The world and beyond – Surviving in the economic jungle

Advice, tips and tricks on how to engage with the UK jobs market and commercial environment, from a female executive's perspective

Archive for May 2015

Looking for a new #job? Here’s how to get started!

leave a comment »


beg jobSetting your objectives when starting out on a job search

1.         Know what you want

When setting out on a journey, it is only natural to plan a route, get a map, and program the satnav so that we know the best, most direct route to take. And of course, our map indicates where our destination is so that we know when we’ve arrived.

It is surprising how many candidates, when setting out on a job search, have no idea of where they’re heading or what they expect to achieve.

The reality is that, without a very clear plan, your job search will be frustrating and extended.

2.         It’s a competitive numbers game

During 2009 the economic recession caused large numbers of redundancies, flooding the market with senior and experienced people who have possibly not been in the job market for many years. At the other end of the spectrum, graduate opportunities decreased and it is more difficult for fresh graduates to get jobs within their academic areas. Of course, the job market doesn’t only consist of new entries and experienced starters but the diversity adds strain at opposite ends of the job spectrum. Added to the normal churn of people looking for work for totally individual reasons, the volumes of job applications have increased exponentially.

If you don’t know what you want, you won’t recognise it when it turns up. And the likelihood of it turning up, realistically, is a lot smaller now than it was a few years ago due to the sheer numbers of applicants in the market. It’s a lot more competitive.

So my very first piece of advice would be: GET A PLAN!

3.         Make sure you know what you do (And don’t) want

Take some time out and write down what you really want. Not only the financial expectations, but the type of job, kind of organisation, location, level of seniority, etc. Are you planning a career change? Do you want to do exactly the same as before? Where are your flex points? On which points can’t you be flexible?

And as you go through this, keep doing a reality check. The past is gone, what you had in yesterday’s job is unlikely to return. But if you knew what you enjoyed about the last job, and which bits you disliked, you can get a picture of what would suit you best. And then do a reality check again.

You might have to take a drop in pay to get back into employment. If you can be flexible to location, you widen your catchment area and so, increase your opportunities.

4.         RESEARCH! And prepare for a long haul

If you haven’t been in the jobs market for a long time, do some research. What applied even just a year ago, is no longer applicable so it’s really important that you know how to calibrate your expectations.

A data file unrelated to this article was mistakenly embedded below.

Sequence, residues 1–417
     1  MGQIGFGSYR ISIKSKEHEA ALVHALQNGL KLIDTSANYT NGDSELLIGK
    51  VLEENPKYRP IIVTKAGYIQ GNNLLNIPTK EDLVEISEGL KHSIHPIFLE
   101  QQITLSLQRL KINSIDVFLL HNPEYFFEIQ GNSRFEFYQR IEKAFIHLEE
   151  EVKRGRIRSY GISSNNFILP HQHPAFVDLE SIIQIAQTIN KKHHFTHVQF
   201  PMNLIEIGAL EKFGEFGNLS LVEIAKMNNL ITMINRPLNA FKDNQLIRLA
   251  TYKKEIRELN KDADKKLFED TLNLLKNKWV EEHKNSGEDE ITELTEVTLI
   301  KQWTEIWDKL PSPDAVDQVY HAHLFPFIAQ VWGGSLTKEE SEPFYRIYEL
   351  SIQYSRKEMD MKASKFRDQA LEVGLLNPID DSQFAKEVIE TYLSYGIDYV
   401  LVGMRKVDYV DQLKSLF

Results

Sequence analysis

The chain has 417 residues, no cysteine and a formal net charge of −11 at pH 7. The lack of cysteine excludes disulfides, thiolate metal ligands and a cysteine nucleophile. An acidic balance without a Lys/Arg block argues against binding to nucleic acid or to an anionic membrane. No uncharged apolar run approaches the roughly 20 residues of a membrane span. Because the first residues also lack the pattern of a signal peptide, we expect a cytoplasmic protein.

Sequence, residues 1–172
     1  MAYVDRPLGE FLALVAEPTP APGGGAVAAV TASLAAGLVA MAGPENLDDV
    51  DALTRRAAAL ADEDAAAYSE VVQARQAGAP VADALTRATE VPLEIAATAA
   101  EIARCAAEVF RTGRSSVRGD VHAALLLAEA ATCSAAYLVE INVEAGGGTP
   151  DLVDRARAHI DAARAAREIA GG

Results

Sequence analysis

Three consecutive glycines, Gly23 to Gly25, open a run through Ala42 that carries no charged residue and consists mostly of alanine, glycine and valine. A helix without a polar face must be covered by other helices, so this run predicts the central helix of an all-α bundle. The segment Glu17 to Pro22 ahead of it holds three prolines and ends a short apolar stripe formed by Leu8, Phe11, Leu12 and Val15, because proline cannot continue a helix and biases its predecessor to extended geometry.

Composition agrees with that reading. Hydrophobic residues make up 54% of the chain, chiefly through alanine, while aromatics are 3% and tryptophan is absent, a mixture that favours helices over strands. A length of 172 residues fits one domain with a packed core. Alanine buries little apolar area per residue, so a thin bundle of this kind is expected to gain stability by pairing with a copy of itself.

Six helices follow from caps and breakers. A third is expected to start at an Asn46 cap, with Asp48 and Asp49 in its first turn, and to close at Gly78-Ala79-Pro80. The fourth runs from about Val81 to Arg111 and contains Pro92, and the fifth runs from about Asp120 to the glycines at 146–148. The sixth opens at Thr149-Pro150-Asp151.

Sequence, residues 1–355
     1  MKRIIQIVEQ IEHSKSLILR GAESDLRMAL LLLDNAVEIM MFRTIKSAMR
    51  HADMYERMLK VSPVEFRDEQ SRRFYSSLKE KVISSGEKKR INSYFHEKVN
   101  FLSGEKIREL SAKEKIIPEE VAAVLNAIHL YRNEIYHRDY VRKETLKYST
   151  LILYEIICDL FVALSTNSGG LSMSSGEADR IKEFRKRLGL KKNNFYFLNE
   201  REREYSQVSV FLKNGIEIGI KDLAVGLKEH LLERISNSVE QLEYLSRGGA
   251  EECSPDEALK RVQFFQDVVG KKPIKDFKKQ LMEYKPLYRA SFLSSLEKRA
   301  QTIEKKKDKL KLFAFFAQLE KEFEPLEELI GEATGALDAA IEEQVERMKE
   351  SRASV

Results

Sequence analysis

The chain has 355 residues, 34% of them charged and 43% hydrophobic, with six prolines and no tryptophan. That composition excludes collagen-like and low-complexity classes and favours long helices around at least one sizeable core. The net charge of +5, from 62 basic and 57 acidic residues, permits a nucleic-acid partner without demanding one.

Making lists and writing down all the information you have about yourself, your expectations and your flex points will give you sound information on which to base your CV. Or CV’s: You might need to do more than one if you have a broad skill set, or want a career change.

The ideas and plans you put down now will inform your actions during your job search. You might become frustrated and despondent later on, so returning to this information will help you get back on track and maintain focus. It might take some time to get re-employed; having something to keep you on course will be useful in keeping you motivated.

Prepare for a long journey. The reality might turn out to be a lot shorter, but realistically the perfect job is not going to turn up quickly. If it does, count yourself lucky. If it doesn’t, don’t beat yourself up because many other people are in exactly the same situation.

Having a plan will keep you focussed and objective. It will also maintain your realistic expectations if things don’t go the way you want them to.

The Definitive Guide to Job Hunting 4: Understanding Agencies

leave a comment »


QuestioningIt is true that a large proportion of jobs never get on the open market. Organisations will normally explore many internal sources first, before placing jobs with agencies. Using a recruitment consultant to fill a job is an expensive strategy for any hiring operation.

However, the recruitment industry operates on a hugely diversified scale and the range of services on offer to employers means that it is quicker and easier to get a vacancy filled rather than do it internally. Many large corporate employers, who have high staff numbers and many vacancies, have in some cases outsourced ALL their recruitment process to external agencies.

Annually, the recruitment industry is worth about £22bn in the UK. It is a substantial and robust contributor to the UK economy. Realistically, every job seeker is likely to engage with a recruitment consultant during a job search. £22bn in fees represents a huge number of temporary, contract and permanent jobs being placed through agencies. Knowing how to deal with them, and what to expect from them, is crucial to reduce frustration and increase the likelihood of finding that desired job offer.